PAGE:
Macro Tsimmis

intelligently hedged investment

BUY Élan (ELN)—Tysabri + AAB-001 = $$$$

Posted by intelledgement on Fri, 06 Apr 07

Élan (ELN) is a biotech company based in Ireland, and constitutes a poster child for the vagaries of speculation. At the beginning of the decade, the company had a marketcap around $20B and shares traded as high as $61 in June 2001…but then a grievous accounting scandal broke, and within 16 months, the stock was down below $2 amid strong doubts the company could recover. However, they hired a CEO from the USA, G. Kelly Martin, and he focused on moving Tysabri—a humanized monoclonal antibody that proved efficacious in the treatment of multiple sclerosis (MS) and Crohn’s disease (CD)—to market.

Élan had entered into partnership with Biogen Idec (BIIB) in 2000—BIIB is responsible for manufacturing and distribution in Europe; ELN is responsible for distribution in the USA; revs are split 50-50 up to $700MM and 65-35 in favor of BIIB thereafter unless ELN elect to make a milestone payment of $75MM, which buys them a 50-50 split up to $1.1B, after which it is 65-35 in favor of BIIB unless ELN elect to make a second milestone payment of $50MM, which buys them a 50-50 split on all revenue thereafter. After the FDA approved Tysabri for MS in late 2004, the stock reached $27. But then in February 2007, two cases of a rare and often lethal brain disease known as progressive multifocal leukoencephalopathy (PML) were found in patients given Tysabri in combination with Avonex (BIIB’s interferon beta-1a MS drug). The companies withdrew Tysabri from the market and began a safety evaluation. This review uncovered a third case of PML, in a CD patient taking Tysabri in conjunction with immunosuppressant agents who had died in December 2003 from what was thought at that time to be a brain tumor, but the diagnosis was subsequently re-evaluated as having been PML. This time, the stock only fell to $3, but the collapse took a lot less time (two months).

Fast forward to June 2006: satisfied with the safety review, the FDA and EMEA (European Medicines Agency) both approved the return of Tysabri to the market. The stock bounces around in the $17-to-$19 range. But enthusiasm for ELN on The Street is low. Analysts worry that there will be more PML cases. They worry that MS patients and doctors will worry about PML and won’t use/prescribe Tysabri. They worry that Biogen Idec salesmen won’t push Tysabri in Europe now that it can no longer be used in conjunction with BIIB’s old MS drug, Avonex (for whom the salesmen might be better compensated as Biogen does not have to share Avonex revenues with Élan). They might worry that folks would remember when they recommended ELN at $60 in 2001 or at $27 in 2005, except no one ever seems to track what analysts on The Street said in the past so that most likely is not a concern. They worry that Tysabri will not be approved for treatment of CD in the USA or EU (decisions on both expected in the second half of this year). Whatever, no one seems to like ELN and the stock is languishing here back down around $13.50 (marketcap of $6B).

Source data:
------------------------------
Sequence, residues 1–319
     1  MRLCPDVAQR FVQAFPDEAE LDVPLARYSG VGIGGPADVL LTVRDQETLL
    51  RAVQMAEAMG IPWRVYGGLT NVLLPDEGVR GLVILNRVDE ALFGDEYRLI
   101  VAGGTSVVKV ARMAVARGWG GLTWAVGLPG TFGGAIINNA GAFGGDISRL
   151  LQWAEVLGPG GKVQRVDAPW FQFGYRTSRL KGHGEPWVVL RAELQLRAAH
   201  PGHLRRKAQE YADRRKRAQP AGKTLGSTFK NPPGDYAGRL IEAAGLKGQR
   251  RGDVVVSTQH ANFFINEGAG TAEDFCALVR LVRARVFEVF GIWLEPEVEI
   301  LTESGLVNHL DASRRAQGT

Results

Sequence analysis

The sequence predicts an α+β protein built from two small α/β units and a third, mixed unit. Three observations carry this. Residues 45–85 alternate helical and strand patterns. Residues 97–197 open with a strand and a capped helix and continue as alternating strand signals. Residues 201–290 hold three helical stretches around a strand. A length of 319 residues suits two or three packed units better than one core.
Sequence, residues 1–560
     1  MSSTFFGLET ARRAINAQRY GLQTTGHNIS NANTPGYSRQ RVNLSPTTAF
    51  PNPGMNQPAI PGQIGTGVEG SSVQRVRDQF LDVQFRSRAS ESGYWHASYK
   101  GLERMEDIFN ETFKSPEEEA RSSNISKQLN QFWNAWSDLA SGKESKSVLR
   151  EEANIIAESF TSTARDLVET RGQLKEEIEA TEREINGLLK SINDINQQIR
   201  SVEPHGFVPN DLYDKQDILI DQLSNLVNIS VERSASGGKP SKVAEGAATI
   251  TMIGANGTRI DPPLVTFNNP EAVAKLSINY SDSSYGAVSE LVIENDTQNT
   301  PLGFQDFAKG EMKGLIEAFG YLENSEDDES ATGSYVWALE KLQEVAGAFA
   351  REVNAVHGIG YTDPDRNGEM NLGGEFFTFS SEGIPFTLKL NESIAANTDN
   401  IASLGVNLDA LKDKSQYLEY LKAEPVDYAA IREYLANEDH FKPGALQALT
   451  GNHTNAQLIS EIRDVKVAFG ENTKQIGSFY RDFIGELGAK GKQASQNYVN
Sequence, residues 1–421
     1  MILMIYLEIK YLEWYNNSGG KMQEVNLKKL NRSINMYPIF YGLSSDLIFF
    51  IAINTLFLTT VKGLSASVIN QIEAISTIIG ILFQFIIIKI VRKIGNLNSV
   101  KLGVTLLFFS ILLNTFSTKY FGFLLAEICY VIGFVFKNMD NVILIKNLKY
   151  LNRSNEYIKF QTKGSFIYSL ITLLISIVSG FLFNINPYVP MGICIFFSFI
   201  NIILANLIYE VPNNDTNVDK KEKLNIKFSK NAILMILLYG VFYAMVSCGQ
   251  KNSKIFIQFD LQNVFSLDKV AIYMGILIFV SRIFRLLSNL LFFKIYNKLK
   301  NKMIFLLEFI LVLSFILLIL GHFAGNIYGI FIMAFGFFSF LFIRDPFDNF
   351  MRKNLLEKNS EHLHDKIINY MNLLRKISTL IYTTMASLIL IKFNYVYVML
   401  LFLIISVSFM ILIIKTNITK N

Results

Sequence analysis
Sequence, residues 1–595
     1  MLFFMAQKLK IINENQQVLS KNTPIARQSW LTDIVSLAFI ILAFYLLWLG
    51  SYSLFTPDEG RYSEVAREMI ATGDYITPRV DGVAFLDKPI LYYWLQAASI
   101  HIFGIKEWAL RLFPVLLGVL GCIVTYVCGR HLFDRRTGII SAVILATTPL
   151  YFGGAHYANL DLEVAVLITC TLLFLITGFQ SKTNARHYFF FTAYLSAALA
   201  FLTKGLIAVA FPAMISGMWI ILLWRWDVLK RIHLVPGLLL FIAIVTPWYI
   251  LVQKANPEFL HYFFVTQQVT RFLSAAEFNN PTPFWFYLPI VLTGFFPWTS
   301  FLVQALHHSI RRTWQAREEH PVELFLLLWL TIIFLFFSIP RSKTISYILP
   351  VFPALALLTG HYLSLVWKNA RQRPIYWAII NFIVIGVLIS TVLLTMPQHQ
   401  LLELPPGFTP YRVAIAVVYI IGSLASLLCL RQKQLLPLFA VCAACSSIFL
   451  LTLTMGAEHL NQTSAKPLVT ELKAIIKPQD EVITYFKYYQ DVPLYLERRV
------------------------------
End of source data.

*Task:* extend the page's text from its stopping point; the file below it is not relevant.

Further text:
But we like ELN here.

First of all, we are reasonably reassured that the folks at Élan have a handle on the PML issue and that the safety guidelines they have come up are likely to avert any more cases. Of course, some risk from that quarter remains—and there is always the chance that some new complication will arise, perhaps a problem that only becomes evident after some years have passed—but based on what is known now, we believe that MS patients will embrace a drug that reduces relapses 67% of the time and slows progression of the disease 42% of the time (both numbers twice as good as anything else out there).